Q The maze has closed for another year and it had been a good season.
Fortunately, I had decided to close as soon as the school holidays were over because the last visitors pedalled their final lap on the go-karts and were finishing their last ice creams as the maize contractors pulled up the farm drive.
A few people looked rather concerned as they saw the forage harvester park outside the field, hurriedly checking that all their children were safely out of the maze.
The weather had been so dry that the maize harvest was early by about two weeks.
That weekend the whole field was gone. All that was left was the stalks, the paths weaving in and out, the odd empty drink can or crisp packet blowing in the wind. Time to start planning next season.
We always have plenty of suggestions for possible themes from our visitors, some better than others, but all ideas are welcome. One rather unusual suggestion for a possible event arrived via email.
Apparently a maize maze up north, the largest in the country, held a torchlight evening for the local naturist community.
It seems it was very well attended, the suggestion being we could perhaps hold something similar at ours.
I politely thanked him for his interesting suggestion and said that I would “bare it in mind”.
Worth thinking about, certainly different. I’m not sure that Dave would volunteer to serve the ice creams though.
Our own “non-naturist” Maze By Torchlight evening held in aid of the Southwold Christmas Lights and the RNLI was the only social event of the summer for Dave, the family and I.
However, we were soon to make up for lost time when we were invited to our friend’s house, in a nearby coastal town, for the last weekend of the holidays.
The maze had finished, harvest was long gone, rape drilling was waiting for a rain and school uniforms had been purchased. So we disappeared, not too far but far enough.
The long hours of the summer seemed to fade away rapidly. When we drew breath from the iPod karaoke, it was two o’clock in the morning. My suggestion of a swim in the sea seemed like a great idea that night but in the cold light of day, the murky grey waters of the North Sea were less appealing. However, the day dawned bright and the sun was shining.
Perhaps it was the perfect way to clear the head. In we all went, the men being the last to get in. It was absolutely freezing. I couldn’t even feel my feet. The children, who loved the waves and who swam in the sea all summer, were the first to get out.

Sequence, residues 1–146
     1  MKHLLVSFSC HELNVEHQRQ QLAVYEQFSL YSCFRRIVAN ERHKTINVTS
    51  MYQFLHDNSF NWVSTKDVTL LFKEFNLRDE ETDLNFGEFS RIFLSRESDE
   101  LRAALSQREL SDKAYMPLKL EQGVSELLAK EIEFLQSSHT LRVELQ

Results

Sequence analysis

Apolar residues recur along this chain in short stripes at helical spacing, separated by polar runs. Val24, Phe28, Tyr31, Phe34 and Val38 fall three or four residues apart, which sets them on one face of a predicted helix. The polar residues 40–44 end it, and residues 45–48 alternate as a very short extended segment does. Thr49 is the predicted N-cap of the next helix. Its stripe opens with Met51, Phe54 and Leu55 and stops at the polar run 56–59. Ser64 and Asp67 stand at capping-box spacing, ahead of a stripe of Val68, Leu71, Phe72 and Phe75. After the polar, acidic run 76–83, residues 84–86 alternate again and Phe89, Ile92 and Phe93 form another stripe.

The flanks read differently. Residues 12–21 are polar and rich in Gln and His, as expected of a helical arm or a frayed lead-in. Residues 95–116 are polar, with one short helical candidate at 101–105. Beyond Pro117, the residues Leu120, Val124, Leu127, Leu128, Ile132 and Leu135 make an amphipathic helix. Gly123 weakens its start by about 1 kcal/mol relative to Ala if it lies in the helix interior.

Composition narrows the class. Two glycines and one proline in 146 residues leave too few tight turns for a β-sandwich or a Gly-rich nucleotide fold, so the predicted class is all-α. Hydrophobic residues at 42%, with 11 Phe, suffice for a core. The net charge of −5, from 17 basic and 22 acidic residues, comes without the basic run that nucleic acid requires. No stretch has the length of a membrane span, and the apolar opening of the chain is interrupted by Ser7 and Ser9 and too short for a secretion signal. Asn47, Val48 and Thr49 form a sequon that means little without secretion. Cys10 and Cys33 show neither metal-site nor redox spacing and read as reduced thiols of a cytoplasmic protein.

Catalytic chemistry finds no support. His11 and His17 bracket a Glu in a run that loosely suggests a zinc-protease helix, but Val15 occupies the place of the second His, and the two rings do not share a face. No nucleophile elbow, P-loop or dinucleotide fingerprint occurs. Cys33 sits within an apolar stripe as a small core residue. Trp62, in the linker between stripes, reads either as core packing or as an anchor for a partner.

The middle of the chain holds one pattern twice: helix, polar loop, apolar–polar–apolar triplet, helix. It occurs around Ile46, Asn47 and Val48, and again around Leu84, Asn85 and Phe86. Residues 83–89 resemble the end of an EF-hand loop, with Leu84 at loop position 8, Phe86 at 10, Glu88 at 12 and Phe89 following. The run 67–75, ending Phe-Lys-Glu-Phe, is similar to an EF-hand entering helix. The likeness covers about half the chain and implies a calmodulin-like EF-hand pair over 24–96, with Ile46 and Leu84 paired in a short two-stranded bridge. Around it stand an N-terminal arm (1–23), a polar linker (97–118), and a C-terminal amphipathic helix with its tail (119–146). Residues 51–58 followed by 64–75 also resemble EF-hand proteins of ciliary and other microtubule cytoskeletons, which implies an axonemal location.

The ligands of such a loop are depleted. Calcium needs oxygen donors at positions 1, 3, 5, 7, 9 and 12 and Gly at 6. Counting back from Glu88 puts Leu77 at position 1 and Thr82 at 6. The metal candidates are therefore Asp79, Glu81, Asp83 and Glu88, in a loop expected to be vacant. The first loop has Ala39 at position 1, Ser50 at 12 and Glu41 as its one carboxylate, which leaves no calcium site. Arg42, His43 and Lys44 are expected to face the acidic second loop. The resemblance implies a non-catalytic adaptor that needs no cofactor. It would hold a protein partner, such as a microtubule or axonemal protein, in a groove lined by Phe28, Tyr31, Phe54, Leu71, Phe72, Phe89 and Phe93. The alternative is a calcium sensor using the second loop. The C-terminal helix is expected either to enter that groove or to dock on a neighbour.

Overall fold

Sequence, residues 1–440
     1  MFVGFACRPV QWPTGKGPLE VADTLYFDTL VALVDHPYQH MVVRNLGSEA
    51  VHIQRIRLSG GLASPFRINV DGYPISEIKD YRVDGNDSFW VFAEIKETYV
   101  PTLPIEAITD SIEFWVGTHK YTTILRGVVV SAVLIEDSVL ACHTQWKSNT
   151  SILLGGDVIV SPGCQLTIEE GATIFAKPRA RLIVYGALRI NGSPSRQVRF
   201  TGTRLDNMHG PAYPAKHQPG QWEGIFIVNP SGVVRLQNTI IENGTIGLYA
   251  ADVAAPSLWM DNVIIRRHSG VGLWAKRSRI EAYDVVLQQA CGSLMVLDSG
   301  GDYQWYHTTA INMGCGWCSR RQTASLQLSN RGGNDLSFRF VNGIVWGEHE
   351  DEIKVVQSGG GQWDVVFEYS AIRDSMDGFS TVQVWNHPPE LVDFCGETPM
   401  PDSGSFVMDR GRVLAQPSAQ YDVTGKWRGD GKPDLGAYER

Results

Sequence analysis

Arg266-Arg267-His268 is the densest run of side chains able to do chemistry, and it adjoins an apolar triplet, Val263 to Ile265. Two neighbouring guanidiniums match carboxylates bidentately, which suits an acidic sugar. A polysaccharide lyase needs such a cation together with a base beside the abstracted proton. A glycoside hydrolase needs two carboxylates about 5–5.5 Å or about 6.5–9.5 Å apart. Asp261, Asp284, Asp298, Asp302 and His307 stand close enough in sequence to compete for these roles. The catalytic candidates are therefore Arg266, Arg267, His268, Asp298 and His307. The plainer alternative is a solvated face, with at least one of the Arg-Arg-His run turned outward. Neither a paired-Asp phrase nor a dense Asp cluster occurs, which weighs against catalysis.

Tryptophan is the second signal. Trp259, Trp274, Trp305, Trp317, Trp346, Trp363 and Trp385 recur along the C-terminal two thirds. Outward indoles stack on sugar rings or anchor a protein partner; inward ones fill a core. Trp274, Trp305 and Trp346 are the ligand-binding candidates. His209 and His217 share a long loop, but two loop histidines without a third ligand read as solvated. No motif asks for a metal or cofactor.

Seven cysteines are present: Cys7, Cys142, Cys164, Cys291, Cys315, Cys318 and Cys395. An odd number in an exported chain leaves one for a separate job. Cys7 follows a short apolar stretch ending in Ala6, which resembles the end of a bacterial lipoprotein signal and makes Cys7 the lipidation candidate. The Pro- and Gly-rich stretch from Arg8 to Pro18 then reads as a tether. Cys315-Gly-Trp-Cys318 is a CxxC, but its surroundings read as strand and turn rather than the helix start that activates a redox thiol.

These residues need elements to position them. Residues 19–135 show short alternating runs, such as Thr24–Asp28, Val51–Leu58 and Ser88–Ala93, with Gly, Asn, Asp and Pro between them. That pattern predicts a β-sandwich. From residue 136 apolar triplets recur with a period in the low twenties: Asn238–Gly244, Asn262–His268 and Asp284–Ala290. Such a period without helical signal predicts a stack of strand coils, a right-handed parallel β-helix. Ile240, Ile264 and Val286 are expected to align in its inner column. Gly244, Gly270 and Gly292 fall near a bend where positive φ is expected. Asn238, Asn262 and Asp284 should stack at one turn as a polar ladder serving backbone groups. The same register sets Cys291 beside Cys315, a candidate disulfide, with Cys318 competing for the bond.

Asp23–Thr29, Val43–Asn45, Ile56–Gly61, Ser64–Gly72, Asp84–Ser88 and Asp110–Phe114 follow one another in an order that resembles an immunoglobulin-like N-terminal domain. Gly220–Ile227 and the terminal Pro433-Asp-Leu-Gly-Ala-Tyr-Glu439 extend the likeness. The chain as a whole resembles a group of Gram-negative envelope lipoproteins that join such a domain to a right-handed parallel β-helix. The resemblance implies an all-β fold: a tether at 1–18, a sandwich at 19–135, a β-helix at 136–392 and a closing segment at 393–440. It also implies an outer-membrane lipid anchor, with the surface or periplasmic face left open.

We got back to the house to find three of the boys still in their trunks but all immersed in a bath of very hot water.
The next morning, a Sunday, things returned to normal with Dave announcing at 7am he was going back to the farm to see if his peas were dry enough to combine.
Our whole fresh pea acreage had been surplus to requirements following a bumper pea harvest and was left to be combined for feed.
Just when they were dry enough to be harvested, they caught the only rain of the month.
Dave is never very lucky with his peas. Three out of the last five years his peas have been by-passed.
The summer well and truly over, there was just one task left to complete. All summer (and for about a year prior to this) the children had been asking to get chickens. Dave wasn’t keen.
Despite his reservations, I had taken them to choose a run and hen house at the beginning of the holidays. All three had watched avidly as it was put together. Then it had sat forlornly in our field all summer. We had been so busy that we hadn’t had time to choose the hens to go in it.
So, the first Saturday after the return to school was designated chicken-choosing day.
Evie wanted hers to lay white eggs. Thankfully, there were two white egg layers left, beautiful birds called White Stars. Perfect.
Will, who had wanted a blue egg layer, settled for a ginger throated feisty hen who laid brown eggs.
Charlie chose a pure black hen. I had to explain that it wouldn’t lay black eggs, just normal brown ones. It came as no surprise the lady had to chase his hen around the pen a few times before it could be caught. It was a Rhode Island crossed with a Black Rock, Rocky Rhode for short. How appropriate, I thought.
So, we are now the proud owners of Star, Ginger Ninja and Rocky (depending on the local fox population, this gives us plenty of scope for Rocky I, II, III and IV).
The children are fascinated by them and have even set their alarms earlier in the mornings to go and feed them before breakfast.
The first thing they do after school is to check on them and collect the eggs.
Luckily, one of them is laying and so they had enough for one each by the third day.
Fantastic little brown eggs they assured me tasted much nicer than normal.
I feel we must have arrived; this really is the “good life”!